Monday, March 28, 2011


I'm so tired of being sad. Bone weary exhausted, really.

I'm not wallowing. Honest. I have newly-purchased cans of paint and two bathrooms ready and waiting. I have crochet projects on the go. I have work scheduled. I have a to-do list that I follow. I have lunch plans with a friend on Friday.

The thing is, when I'm in the midst of the busyness, it's all good. But when I pause to figure out what that nagging feeling is - that sense that someone is watching me, that something is wrong, that I've had a bad dream, that I'm late for something - I realize it's sadness quietly waiting to be acknowledged.

And so I cry. I cry for my dad - for all the pain and indignities he suffered in the months before he died. I cry for me, because I miss him so much. I cry because I haven't yet figured out what to do with this unplanned life. And I cry because that scares the bejeezus out of me.

Fate has been clever and methodical in the doling out of disaster. A miscarriage in 2003, a miscarriage in 2004, Thomas' birth and death in 2005, fertility treatments in 2006/7, a miscarriage in 2007, more fertility treatments in 2008, dad's illness in 2010, his death in 2011. These things seemed to have spaced themselves out, giving me juuuuuust enough time to recover from one disaster before tossing some new horror my way.

The cumulative effect is like sitting beneath a pile of elephants trying to smile while I'm being crushed to death.

This is life. I know that. No one escapes unscathed, and in the midst of the horror is unimaginable beauty. I know that. I know that. I know that. There are bigger disasters. There are crueler fates. There are harder lives.

But, still, this is mine.

The other day I was telling My Beloved that I barely remember the girl I was before that first loss in 2003. I miss her, I told him. She's like a brightly-coloured character in a book - happy and innocent. Not without worry or sorrow, but still buzzing with light and energy.

In his wisdom and kindness he acknowledged her loss, but told me that the girl he's now married to is not just a shadow of the one he once knew. I am better, he says, in some ways. I didn't ask for specifics. I was too stunned and overjoyed to care.

Better. At least in some ways. That's good to know.

I know the fatigue of sorrow will wane. And maybe I'm thinking too hard; worrying about it too much. It hasn't yet been three months since the most recent elephant, after all.

But it would be nice not to be so grief-weary. So very, very nice.

Sunday, March 20, 2011


Years ago, not long after Thomas died, I read a post by a fellow babyloss blogger who was struggling with an overwhelming desire to make herself look as outwardly grief-stricken as she felt inside. She wanted to cut her hair, tattoo her body, cut patterns into her empty stomach - do something radical and drastic so that people would know, just by looking at her, that she was broken on the inside. She wanted the mark of grief.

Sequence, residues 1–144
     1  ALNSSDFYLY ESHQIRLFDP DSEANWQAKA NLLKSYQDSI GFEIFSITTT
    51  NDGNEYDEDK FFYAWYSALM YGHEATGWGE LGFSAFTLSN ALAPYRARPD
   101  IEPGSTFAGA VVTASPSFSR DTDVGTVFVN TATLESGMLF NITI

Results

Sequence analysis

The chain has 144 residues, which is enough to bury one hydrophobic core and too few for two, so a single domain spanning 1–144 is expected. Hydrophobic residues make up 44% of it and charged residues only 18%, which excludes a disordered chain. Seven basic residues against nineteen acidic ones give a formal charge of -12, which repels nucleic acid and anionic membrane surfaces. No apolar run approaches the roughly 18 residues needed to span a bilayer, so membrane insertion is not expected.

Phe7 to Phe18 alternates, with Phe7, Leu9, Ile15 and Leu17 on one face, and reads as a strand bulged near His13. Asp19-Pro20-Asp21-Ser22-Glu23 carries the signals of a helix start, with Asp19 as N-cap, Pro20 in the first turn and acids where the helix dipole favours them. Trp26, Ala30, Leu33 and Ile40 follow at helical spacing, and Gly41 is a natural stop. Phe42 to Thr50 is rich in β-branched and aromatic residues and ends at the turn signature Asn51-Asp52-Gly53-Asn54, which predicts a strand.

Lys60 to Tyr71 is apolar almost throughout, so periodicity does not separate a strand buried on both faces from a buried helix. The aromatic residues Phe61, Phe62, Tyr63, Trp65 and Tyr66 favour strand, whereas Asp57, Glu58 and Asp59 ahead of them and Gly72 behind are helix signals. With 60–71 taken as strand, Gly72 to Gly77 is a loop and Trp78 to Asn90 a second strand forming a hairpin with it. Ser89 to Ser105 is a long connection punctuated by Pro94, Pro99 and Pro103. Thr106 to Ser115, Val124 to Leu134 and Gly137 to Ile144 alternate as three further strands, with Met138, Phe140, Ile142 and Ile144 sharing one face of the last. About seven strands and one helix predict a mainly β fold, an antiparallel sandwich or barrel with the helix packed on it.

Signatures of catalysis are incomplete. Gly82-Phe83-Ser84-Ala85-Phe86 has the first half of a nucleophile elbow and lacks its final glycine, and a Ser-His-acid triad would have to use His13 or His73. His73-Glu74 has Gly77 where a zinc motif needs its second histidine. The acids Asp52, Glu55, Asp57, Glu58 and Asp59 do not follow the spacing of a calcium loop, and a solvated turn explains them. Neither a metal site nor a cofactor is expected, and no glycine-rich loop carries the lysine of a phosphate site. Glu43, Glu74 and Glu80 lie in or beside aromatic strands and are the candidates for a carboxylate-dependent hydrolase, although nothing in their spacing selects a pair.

It scared me. But I understood.

I started thinking about her - and the strange need for grief to be known and recognized - this morning at Mass. I'd made small talk with one of the office staff on the way in - a woman who helps me organize the annual Mass of Remembrance for bereaved parents. We both hate the heat, but wished it was a little warmer today. And isn't that funny, because in a few months we'll both be wishing for a crisp day just like this one. And isn't it a shame that while it's going to be warmer tomorrow, it's going to be rainy too. Blah, blah, blah.

When I finally got into the church, I sat down and started thinking about my dad, as I often do when I'm alone and quiet with nothing proper to distract me. Driving is a particular hazard. It often ends in tears.

Anyway, I was thinking that I display no outward sings of grief. I'm clean, my hair is freshly cut, I wear makeup (a necessity to hide the circles and bags my 40s have gifted me), I smile when appropriate, I attend meetings, I work. I am functional in all the ways that matter.

But inside there is so much grief. And no one knows.

It makes me feel like I'm existing inside a plexiglass dome, visible, but somehow unreachable. And thoroughly unknowable. Most importantly, separate. Always separate.

I started wondering why exactly it is that we need to share grief with others. It's such a personal thing that no two people feel or experience the same way - even if they've lost the same person - and yet we're desperate to find people who will listen to us when we need to talk about the aching emptiness a loved one's loss has created in our lives. We want to share, in explicit detail, what it feels like to be without that person; what it's like not to hear their voice tell us we are loved, what it's like to see the empty chair they once sat in, what it's like to want to tell them a story and forget, for a split second, that they are no longer there to hear it.

I want everyone to know how much I miss my dad. How I still cry for him. How agonizing it is to be separated from him. How I still can't fathom that he's really gone and is never coming back.

How I feel like I'm once again hollow inside, waiting to be filled up with whatever it is that filled the empty space Thomas left behind.

And no one knows.

And I don't know why that matters. Except somehow it does.

Wednesday, March 09, 2011


Happy birthday my beautiful, beautiful boy. 
I will love you always and forever. oxox